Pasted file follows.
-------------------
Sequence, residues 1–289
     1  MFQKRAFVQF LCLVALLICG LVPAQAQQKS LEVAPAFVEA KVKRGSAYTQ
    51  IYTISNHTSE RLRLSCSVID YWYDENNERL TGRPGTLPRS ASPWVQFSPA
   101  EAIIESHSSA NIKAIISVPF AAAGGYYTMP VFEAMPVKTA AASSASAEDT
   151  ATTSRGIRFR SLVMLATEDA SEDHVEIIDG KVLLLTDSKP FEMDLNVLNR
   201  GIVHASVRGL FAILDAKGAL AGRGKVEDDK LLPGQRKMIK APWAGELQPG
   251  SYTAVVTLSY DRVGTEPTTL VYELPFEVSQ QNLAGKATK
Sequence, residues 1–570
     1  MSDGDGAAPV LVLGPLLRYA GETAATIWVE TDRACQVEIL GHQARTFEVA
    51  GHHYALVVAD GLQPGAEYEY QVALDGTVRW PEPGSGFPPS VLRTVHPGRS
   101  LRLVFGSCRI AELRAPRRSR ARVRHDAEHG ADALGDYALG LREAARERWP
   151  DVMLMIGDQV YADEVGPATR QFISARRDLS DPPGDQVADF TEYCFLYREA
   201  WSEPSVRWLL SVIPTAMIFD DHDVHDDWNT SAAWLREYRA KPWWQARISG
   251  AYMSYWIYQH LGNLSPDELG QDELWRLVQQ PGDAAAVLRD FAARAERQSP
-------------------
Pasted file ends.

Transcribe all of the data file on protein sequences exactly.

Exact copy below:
Sequence, residues 1–289
     1  MFQKRAFVQF LCLVALLICG LVPAQAQQKS LEVAPAFVEA KVKRGSAYTQ
    51  IYTISNHTSE RLRLSCSVID YWYDENNERL TGRPGTLPRS ASPWVQFSPA
   101  EAIIESHSSA NIKAIISVPF AAAGGYYTMP VFEAMPVKTA AASSASAEDT
   151  ATTSRGIRFR SLVMLATEDA SEDHVEIIDG KVLLLTDSKP FEMDLNVLNR
   201  GIVHASVRGL FAILDAKGAL AGRGKVEDDK LLPGQRKMIK APWAGELQPG
   251  SYTAVVTLSY DRVGTEPTTL VYELPFEVSQ QNLAGKATK
Sequence, residues 1–570
     1  MSDGDGAAPV LVLGPLLRYA GETAATIWVE TDRACQVEIL GHQARTFEVA
    51  GHHYALVVAD GLQPGAEYEY QVALDGTVRW PEPGSGFPPS VLRTVHPGRS
   101  LRLVFGSCRI AELRAPRRSR ARVRHDAEHG ADALGDYALG LREAARERWP
   151  DVMLMIGDQV YADEVGPATR QFISARRDLS DPPGDQVADF TEYCFLYREA
   201  WSEPSVRWLL SVIPTAMIFD DHDVHDDWNT SAAWLREYRA KPWWQARISG
   251  AYMSYWIYQH LGNLSPDELG QDELWRLVQQ PGDAAAVLRD FAARAERQSP